Egyptian President Dares Military, in Risky Move
Conflict may foretell whether the new boss is still the old boss
What if you had a country with more than 80 million citizens, and nobody knew who was in charge? Sunday, newly elected Egyptian President Mohammed Morsi, of the Muslim Brotherhood, ordered the Brotherhood-dominated parliament, which had been disbanded by the ruling military council and the high court, back in session. Yesterday, the high court struck back with an affirmation that the parliament remains dissolved. This morning, the parliament convened briefly anyway.
The military has not spoken up—yet. When it does, it’s likely to be decisive. Despite President Hosni Mubarak’s popular overthrow at the beginning of last year, the military—out of which Mubarak arose, and to which he had seemed inextricably linked—still enjoys broad popularity. “It’s one thing to revolt against Mubarak,” an analyst told the Washington Post. “It’s completely another to revolt against the military.” And as for the government—the elected government—the consensus is that the people aren’t expecting big-time authority from it, but rather jobs. If the confrontation progresses, the Muslim Brotherhood, which owes so much of its credibility to its status as a non-governmental provider of social services, could be accused of betraying its mission at the very moment that it actually enters government!
Which, given that the Brotherhood’s supreme leader just declared an obligation to save Jerusalem from “the rapists,” may not be the worst thing in the world.
Plus Russia may be coming around on Syria, and more in the news
Daily rate: $2
Monthly rate: $18
Yearly rate: $180
WAIT, WHY DO I HAVE TO PAY TO COMMENT?
Tablet is committed to bringing you the best, smartest, most enlightening and entertaining reporting and writing on Jewish life, all free of charge. We take pride in our community of readers, and are thrilled that you choose to engage with us in a way that is both thoughtful and thought-provoking. But the Internet, for all of its wonders, poses challenges to civilized and constructive discussion, allowing vocal—and, often, anonymous—minorities to drag it down with invective (and worse). Starting today, then, we are asking people who'd like to post comments on the site to pay a nominal fee—less a paywall than a gesture of your own commitment to the cause of great conversation. All proceeds go to helping us bring you the ambitious journalism that brought you here in the first place.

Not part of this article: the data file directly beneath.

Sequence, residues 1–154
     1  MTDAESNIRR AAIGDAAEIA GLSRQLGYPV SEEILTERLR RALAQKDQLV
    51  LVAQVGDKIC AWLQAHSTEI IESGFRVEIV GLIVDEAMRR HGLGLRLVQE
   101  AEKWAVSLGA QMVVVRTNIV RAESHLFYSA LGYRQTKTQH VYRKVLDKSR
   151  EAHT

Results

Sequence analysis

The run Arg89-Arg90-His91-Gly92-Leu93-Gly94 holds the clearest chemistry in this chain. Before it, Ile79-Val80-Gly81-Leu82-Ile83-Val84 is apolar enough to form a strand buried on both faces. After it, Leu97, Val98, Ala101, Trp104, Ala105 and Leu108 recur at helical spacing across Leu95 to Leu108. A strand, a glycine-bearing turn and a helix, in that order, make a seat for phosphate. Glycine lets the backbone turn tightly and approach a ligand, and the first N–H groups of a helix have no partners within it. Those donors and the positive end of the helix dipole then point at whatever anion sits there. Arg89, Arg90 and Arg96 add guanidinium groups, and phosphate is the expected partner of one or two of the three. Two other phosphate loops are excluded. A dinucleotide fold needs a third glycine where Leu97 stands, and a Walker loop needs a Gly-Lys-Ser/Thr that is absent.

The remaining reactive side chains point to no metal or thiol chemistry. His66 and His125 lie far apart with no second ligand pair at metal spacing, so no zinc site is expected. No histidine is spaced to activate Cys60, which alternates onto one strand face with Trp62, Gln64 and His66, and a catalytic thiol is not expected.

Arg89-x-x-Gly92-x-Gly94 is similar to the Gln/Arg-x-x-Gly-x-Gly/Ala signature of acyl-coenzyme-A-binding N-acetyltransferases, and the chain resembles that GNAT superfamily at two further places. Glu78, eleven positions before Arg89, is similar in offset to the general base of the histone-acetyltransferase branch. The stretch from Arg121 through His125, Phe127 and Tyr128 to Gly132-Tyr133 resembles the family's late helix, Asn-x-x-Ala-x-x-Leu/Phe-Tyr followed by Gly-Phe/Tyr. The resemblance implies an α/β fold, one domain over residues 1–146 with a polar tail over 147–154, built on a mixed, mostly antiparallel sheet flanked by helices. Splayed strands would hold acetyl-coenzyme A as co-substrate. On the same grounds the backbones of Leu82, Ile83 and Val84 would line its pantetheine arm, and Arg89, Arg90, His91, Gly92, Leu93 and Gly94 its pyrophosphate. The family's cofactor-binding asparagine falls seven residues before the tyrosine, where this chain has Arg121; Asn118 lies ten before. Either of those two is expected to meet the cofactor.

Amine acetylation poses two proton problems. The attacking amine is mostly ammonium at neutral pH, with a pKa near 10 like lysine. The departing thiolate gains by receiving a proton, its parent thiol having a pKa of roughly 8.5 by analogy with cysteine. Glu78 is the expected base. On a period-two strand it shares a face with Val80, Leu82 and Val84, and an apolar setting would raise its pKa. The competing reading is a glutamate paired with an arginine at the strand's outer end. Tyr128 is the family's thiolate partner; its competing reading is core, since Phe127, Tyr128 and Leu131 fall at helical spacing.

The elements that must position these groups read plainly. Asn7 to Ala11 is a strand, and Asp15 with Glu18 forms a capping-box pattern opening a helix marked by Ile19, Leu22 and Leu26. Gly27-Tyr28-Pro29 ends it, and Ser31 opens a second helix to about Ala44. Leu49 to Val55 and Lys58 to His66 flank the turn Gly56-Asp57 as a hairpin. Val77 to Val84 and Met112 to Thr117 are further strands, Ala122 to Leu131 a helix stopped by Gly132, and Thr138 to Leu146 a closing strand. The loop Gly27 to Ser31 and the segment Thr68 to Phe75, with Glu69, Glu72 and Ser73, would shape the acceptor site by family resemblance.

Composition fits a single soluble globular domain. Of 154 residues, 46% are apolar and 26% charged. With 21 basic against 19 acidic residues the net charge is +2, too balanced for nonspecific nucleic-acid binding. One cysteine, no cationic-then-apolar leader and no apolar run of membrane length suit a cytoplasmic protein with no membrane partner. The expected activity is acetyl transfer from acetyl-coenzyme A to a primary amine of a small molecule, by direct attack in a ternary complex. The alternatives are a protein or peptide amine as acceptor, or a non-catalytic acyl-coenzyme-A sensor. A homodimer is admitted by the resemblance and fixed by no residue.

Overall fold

I NEED TO BE HEARD! BUT I DONT WANT TO PAY.
Readers can still interact with us free of charge via Facebook, Twitter, and our other social media channels, or write to us at firstname.lastname@example.org. Each week, we’ll select the best letters and publish them in a new letters to the editor feature on the Scroll.
We hope this new largely symbolic measure will help us create a more pleasant and cultivated environment for all of our readers, and, as always, we thank you deeply for your support.